Max Tunon, Senior Programme Officer / Coordinator of the GMS TRIANGLE project (Tripartite Action to Protect Migrant Workers within and from the Greater Mekong Subregion from Labour Exploitation
Imagine that you had a family to feed and moving abroad was your only option to earn a decent wage — but you didn’t know where or how to find work overseas. Or imagine that your daughter works abroad but that you haven’t had any word from her for months and months.
Or ask yourself what you’d do if you were injured at work a long way from home, with a hospital bill you couldn’t afford and an employer who refused to pay you as much as you’d agreed.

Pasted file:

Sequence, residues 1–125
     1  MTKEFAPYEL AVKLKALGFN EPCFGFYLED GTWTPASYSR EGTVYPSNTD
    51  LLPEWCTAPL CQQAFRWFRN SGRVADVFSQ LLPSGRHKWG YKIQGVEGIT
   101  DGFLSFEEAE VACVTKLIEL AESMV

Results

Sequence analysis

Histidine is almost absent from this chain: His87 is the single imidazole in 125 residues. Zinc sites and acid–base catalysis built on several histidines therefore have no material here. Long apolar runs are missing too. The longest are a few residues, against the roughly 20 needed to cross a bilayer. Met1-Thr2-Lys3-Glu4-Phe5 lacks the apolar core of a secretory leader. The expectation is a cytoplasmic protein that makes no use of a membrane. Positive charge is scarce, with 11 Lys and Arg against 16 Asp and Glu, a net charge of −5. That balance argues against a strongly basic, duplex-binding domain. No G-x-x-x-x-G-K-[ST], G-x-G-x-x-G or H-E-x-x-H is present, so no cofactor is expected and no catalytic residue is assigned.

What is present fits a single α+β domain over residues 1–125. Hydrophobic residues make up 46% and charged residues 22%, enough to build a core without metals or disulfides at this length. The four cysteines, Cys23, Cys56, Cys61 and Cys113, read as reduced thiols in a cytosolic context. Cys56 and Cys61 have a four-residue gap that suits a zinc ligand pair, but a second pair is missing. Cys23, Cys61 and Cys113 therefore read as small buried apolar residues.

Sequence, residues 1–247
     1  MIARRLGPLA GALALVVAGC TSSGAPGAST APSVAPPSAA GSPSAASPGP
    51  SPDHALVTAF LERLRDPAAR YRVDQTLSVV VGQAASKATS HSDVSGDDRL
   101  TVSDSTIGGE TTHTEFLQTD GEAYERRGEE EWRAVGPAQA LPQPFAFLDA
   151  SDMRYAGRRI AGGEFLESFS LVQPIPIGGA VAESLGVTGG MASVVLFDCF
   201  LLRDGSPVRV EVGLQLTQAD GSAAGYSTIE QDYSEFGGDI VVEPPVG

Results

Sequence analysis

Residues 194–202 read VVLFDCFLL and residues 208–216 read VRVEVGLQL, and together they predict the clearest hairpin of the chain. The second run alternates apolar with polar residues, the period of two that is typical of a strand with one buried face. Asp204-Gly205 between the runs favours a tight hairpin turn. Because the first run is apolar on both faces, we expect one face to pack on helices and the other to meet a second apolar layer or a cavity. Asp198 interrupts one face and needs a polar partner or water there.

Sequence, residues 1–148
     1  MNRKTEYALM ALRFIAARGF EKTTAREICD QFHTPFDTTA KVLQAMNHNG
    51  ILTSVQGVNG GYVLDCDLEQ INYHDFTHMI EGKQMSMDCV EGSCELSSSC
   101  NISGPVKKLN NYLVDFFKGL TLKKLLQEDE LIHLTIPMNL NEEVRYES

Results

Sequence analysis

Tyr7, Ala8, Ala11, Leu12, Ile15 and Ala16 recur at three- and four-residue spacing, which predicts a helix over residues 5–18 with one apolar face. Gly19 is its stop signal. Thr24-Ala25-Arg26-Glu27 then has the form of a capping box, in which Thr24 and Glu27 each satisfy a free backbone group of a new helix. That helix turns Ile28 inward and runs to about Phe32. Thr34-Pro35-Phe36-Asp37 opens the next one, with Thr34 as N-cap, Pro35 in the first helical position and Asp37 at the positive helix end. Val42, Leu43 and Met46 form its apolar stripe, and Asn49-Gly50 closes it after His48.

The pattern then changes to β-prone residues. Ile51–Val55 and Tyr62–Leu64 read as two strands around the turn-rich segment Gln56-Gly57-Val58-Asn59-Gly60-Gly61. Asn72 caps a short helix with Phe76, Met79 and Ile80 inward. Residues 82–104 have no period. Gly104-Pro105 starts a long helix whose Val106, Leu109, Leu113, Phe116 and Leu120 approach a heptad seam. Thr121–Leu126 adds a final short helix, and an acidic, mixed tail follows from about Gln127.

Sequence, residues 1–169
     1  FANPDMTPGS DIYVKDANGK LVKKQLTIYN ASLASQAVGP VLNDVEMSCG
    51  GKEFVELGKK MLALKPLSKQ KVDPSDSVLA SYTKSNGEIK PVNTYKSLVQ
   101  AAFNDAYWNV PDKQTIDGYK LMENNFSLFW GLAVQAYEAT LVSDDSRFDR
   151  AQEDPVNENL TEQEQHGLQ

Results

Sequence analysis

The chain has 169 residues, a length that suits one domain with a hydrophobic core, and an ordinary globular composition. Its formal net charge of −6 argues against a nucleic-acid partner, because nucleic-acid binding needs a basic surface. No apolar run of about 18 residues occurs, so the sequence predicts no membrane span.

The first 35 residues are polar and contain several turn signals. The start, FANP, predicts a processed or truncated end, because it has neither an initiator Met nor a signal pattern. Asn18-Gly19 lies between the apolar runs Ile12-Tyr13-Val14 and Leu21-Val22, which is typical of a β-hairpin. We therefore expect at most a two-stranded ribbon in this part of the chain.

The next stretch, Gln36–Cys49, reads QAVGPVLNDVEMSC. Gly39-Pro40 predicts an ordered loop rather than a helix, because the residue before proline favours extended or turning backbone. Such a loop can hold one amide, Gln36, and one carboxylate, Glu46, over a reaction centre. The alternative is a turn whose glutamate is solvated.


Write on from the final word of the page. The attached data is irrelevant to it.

After completing high school, I left Kathmandu for the United States to pursue a higher education. That was around 15 years ago and back then, most young people who left Nepal went to similar destinations in the “developed world.”
Not my cousin. He dropped out of high school and went to work in the Middle East. Close to two decades later he still works there, having just left Nepal for another two-year stint.
By Amelita King-Dejardin, ILO Domestic Work Specialist
I’ve done hundreds of interviews with domestic workers and their employers, and alarm bells always ring whenever I hear the statement: “I treat her like a member of the family.” In my experience, this declaration, with its vague cultural notions, often means that the domestic worker relies on the benevolence of the employer and not on her rights as a worker. Continue reading